What’s The Grind Line? Apart from the once-famous line of Kris Draper, Kirk Maltby, and either Joe Kocur or Darren McCarty, The Grind Line is also The Hockey Writers’ weekly column about the Detroit Red Wings. This week Tony Wolak, Devin Little, Patrick Brown, and Kyle Knopp are the muckers who make up THW’s forechecking unit and sound off on Red Wings topics.
Thanksgiving week is upon us in the US, and despite the Detroit Red Wings‘ recent losing streak, there’s still plenty for the Hockeytown faithful to be thankful for. Let’s face it — it’s been a long rebuild to this point, and the work is far from over. Still, the club appears to be more competitive this season than in years past, and has three rookies — Lucas Raymond, Moritz Seider, and Alex Nedeljkovic — in the thick of the early-season Calder Trophy discussions.
So, what is our team of writers thankful for as the holiday season ramps up? Let’s dive in.
Tony Wolak: Red Wings’ Heritage
When Ken Holland and Marian Hossa were inducted into the Hockey Hall of Fame last week, the significance was a bit muted. Why? Because so many Red Wings have received the Hall-of-Fame nod over the last 10 years. Even more join them if you go back further in time.
The Red Wings have a rich heritage of success and culture, filled with some of the greatest NHLers of all time. Think about it. You have the star-studded 2002 Stanley Cup team led by a Hall-of-Fame coach and general manager. There’s also the glory days of the Production Line and the Red Wings icons of the 1950s. And don’t forget about The Russian Five, Hall-of-Famers who only had cameos in Hockeytown (Paul Coffey, Johnny Bucyk, Glenn Hall, and Brad Park to name a few), and our namesake, The Grind Line. Clearly, the road to greatness leads through Detroit.
Not many teams have this history. Very few, in fact. That’s something I’m thankful for. Not to gloat about or hold over other people’s heads. But something to be proud of and hope that the future continues to honor this legacy and strive for even more greatness.
Devin Little: Lucas Raymond
In 2002, I was introduced to a slender but skilled Swedish forward in his debut season for the Red Wings. That player was Henrik Zetterberg, and I was amazed at how effortless he made the little things look. Even in his prime, he was never as flashy as Pavel Datsyuk, but he was undeniably skilled, and his two-way game was among the best of the best in the NHL.
In 2020, during my research and scouting of the 2020 draft class, I was introduced to another Swedish forward of small stature but incredible skill. That player was Lucas Raymond, and it didn’t take too long for me to be sold that he needed to be the Red Wings’ pick at fourth overall. To this day, I believe Detroit got the third-best player in that draft with the fourth pick – and even that may be selling him a little short.
In short, watching Raymond play for the Red Wings this season not only makes me feel vindicated as a talent evaluator, but it genuinely brings me back to when I was eight years old and latching on to my favorite player of all time. I am excited to watch Raymond develop over the next few years, and am so thankful that he was the choice at fourth overall 13 months ago.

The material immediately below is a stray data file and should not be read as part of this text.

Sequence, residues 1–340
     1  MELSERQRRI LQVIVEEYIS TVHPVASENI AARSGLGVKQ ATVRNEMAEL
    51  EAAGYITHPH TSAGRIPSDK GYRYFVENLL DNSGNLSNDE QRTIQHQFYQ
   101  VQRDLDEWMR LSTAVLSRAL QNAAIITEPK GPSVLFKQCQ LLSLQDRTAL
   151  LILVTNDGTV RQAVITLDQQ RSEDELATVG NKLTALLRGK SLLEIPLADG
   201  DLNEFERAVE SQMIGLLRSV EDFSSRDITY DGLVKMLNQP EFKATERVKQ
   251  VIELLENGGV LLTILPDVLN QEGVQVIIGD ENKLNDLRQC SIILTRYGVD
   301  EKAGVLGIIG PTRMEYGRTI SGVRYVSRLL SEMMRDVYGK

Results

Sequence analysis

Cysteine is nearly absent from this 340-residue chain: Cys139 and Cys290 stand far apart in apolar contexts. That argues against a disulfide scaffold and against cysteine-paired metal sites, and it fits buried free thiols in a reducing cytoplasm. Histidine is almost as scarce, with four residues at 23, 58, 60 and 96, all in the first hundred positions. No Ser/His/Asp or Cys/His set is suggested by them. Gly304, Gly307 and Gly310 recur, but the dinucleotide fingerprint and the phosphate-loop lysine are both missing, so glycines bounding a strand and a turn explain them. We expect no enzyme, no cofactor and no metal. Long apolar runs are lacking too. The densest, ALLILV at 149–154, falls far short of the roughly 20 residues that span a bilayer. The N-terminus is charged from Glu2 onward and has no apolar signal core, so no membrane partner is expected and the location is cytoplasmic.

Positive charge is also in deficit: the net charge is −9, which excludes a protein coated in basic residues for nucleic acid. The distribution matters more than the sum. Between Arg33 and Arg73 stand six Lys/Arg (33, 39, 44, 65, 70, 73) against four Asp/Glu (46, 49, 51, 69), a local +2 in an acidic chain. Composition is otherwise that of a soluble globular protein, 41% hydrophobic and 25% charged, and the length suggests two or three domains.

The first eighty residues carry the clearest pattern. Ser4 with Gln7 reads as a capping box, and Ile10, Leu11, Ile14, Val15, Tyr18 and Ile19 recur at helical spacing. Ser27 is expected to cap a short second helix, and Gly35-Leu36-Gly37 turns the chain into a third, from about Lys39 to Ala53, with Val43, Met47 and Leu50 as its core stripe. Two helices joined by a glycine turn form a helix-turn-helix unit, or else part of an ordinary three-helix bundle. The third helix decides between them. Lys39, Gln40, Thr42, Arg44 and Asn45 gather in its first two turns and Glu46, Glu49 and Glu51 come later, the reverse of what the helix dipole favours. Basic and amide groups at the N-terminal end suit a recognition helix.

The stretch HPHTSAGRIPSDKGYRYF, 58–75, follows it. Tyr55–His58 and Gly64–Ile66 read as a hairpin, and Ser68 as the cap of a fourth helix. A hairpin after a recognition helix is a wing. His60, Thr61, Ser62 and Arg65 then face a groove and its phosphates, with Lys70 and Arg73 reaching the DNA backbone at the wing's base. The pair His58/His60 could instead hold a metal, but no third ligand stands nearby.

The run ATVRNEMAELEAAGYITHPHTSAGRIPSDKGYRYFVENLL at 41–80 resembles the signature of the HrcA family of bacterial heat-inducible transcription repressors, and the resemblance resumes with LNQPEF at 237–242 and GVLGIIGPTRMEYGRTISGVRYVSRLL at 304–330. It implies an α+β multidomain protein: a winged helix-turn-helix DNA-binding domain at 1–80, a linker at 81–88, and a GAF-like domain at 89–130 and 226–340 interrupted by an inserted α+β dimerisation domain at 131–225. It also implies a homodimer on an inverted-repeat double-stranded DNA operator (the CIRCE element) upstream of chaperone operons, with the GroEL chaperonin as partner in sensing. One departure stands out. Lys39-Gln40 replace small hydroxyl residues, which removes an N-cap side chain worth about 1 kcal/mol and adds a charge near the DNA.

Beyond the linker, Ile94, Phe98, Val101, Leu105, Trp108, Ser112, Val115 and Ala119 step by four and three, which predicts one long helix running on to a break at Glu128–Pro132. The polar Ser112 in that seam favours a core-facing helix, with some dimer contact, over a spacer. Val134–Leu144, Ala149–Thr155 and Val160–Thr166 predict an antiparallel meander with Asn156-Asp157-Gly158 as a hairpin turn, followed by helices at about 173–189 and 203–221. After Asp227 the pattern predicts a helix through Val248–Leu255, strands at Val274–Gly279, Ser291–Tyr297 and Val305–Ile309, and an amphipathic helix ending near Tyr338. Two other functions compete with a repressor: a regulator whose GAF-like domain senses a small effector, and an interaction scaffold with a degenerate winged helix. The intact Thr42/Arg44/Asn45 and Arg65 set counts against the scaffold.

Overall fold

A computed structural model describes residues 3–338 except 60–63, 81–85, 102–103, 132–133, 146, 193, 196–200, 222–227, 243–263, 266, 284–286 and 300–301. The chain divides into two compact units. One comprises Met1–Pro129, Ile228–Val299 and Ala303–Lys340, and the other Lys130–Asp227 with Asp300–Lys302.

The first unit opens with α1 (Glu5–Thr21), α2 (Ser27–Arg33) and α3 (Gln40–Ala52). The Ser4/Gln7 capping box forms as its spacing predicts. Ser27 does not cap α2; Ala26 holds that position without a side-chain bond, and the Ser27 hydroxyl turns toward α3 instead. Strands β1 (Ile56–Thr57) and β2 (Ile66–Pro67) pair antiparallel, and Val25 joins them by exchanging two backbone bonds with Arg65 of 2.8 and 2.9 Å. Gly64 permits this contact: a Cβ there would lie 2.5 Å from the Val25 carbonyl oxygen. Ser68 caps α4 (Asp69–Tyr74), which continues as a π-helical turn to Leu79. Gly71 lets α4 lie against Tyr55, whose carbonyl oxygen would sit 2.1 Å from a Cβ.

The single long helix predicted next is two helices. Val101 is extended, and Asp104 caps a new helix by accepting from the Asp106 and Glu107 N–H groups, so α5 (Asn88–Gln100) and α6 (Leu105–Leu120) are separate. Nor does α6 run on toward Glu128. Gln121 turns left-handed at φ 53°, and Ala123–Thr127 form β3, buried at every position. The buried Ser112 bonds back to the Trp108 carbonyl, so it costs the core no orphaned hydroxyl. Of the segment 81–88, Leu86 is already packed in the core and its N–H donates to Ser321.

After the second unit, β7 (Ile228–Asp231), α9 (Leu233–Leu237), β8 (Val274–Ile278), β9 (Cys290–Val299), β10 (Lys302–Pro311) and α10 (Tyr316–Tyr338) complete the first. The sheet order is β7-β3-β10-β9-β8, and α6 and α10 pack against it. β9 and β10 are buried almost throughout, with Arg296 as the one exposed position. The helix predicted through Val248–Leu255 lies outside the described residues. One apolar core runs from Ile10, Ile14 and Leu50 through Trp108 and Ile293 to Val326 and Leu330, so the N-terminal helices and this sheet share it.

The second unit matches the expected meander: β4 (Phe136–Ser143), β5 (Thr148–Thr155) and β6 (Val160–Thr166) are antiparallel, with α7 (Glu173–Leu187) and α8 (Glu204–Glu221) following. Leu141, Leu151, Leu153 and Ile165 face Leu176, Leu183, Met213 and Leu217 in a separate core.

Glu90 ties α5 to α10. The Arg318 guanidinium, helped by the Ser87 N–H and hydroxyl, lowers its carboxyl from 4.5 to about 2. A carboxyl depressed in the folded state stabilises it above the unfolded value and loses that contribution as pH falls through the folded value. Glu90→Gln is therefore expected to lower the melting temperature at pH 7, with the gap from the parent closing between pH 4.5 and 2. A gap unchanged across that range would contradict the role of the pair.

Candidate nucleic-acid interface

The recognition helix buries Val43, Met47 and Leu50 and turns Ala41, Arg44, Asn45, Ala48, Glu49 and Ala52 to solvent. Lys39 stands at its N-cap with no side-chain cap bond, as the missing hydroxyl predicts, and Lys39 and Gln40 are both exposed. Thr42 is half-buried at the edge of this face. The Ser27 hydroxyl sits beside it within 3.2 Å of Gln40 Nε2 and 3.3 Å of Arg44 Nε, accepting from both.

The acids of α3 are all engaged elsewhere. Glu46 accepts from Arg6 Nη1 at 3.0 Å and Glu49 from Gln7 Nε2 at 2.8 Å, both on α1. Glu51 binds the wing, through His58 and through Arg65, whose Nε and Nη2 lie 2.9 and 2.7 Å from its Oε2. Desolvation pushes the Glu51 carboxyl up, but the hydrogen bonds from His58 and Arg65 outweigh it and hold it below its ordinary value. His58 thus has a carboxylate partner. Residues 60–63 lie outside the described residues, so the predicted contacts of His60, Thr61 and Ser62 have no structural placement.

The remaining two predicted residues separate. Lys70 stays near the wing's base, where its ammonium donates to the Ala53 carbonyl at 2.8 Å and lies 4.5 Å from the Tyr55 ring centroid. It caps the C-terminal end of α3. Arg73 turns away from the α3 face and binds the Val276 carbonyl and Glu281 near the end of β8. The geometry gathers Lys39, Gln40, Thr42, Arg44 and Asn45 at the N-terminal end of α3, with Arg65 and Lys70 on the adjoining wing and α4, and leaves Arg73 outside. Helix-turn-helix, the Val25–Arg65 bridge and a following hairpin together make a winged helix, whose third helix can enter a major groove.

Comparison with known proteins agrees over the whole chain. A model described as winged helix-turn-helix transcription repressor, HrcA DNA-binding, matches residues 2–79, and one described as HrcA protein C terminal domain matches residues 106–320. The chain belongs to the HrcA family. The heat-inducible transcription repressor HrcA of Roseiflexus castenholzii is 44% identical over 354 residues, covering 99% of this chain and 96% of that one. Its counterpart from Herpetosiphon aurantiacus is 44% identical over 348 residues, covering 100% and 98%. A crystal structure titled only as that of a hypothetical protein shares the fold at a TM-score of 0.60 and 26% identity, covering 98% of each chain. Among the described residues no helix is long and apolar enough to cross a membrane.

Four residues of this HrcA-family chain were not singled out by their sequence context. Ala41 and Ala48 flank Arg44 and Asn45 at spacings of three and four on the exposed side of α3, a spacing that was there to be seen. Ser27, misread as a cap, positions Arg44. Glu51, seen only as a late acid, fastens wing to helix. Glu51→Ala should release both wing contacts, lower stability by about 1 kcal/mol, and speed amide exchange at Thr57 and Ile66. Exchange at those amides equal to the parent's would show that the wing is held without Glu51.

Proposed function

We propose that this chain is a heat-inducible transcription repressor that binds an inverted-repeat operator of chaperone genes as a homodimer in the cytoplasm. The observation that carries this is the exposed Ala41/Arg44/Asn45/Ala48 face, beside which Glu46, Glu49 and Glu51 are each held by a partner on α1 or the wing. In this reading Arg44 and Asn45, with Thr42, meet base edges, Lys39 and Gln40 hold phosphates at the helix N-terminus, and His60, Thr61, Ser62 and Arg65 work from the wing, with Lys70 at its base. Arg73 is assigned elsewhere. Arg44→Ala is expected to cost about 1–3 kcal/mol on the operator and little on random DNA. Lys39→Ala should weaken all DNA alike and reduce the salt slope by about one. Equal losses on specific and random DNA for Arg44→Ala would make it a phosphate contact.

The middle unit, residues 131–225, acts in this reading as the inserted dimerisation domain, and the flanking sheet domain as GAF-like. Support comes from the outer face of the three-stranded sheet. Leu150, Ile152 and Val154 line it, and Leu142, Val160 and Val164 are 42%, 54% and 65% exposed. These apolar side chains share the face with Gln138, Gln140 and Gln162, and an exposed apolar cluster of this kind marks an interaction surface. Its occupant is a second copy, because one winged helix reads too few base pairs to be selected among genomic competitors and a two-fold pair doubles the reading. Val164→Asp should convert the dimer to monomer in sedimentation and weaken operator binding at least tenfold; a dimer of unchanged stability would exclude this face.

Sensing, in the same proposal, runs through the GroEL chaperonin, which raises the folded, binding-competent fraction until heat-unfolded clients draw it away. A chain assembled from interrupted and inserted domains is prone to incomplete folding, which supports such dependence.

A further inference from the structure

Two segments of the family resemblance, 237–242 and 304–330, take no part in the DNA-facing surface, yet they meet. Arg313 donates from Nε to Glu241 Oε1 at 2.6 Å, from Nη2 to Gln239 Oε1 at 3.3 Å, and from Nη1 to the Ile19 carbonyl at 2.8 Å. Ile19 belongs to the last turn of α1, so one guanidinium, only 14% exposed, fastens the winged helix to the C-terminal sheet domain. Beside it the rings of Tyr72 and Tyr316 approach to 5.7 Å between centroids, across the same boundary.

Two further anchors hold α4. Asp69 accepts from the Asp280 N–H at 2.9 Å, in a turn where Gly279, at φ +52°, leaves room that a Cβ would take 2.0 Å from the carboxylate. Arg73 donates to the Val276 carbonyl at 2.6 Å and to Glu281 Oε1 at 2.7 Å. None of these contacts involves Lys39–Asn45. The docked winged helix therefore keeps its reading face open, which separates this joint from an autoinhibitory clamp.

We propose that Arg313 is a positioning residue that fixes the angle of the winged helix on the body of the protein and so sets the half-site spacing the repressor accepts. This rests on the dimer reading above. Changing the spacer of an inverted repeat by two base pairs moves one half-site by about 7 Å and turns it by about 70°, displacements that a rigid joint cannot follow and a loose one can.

Kyle Knopp: The Yzerplan
Adding on to what Tony and Devin mentioned above, I am most thankful for Steve Yzerman and the Yzerplan coming together. For the first time in the Jeff Blashill era, the Detroit Red Wings are fun to watch. Mo Seider and Raymond have added the much needed shot of youth and energy to what had become an aging and stale roster. Add in Joe Veleno and Filip Zadina, and it’s easy to see why the excitement around this team will continue to grow in the near future.
However, that’s only half of what I’m thankful for. Without Yzerman, there would be no Yzerplan to be excited about. Here we are, a little more than 31 months since Yzerman returned from the Tampa Bay Lightning to take over for Holland and completely turned around the direction of the franchise. For the second time in his career, the Captain has rode into Detroit ready to bring a once proud franchise back from the depths of mediocrity. Hopefully history repeats itself and the journey will have a couple of Stanley Cup parades along the route.
Pat Brown: The Prospect Pipeline
To Kyle’s point, the Yzerplan offers plenty for fans to be thankful for, especially when you look at the talent that has yet to reach the NHL level. Names like Simon Edvinsson, Albert Johansson, and Donovan Sebrango (defensemen), Jonatan Berggren, Theodor Niederbach, and Elmer Soderblom (forwards), as well as goalie Sebastian Cossa will all likely crack the NHL lineup at some point in the future, and all have the potential to elevate the Red Wings to the next level.
Berggren is likely the most NHL-ready of the bunch, and will likely get a look at some point this season after putting up 10 points in 14 games to this point. The 19-year-old Sebrango may also get a look, though his game likely needs a little more refinement before moving him to the next level. Soderblom, Johansson, Niederbach, and Edvinsson are all battling it out in the
Red Wings Hockey League Swedish Hockey League (SHL), while Cossa continues to stand on his head for the Edmonton Oil Kings in the Western Hockey League (WHL).
These pieces are all complimentary to what Detroit already has in place, and despite the team’s recent struggles, the Red Wings are already through the worst of their rebuilding years. There are still plenty of pieces to round out the proverbial completed puzzle, but with the stockpile of talent that remains in the club’s system, that may not be as far off as it feels.
What are you thankful for? Sound off in the comments section below!
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A die-hard hockey fan in the desert, and proud Iowa State alum. Detroit Red Wings and Arizona Coyotes contributor for The Hockey Writers.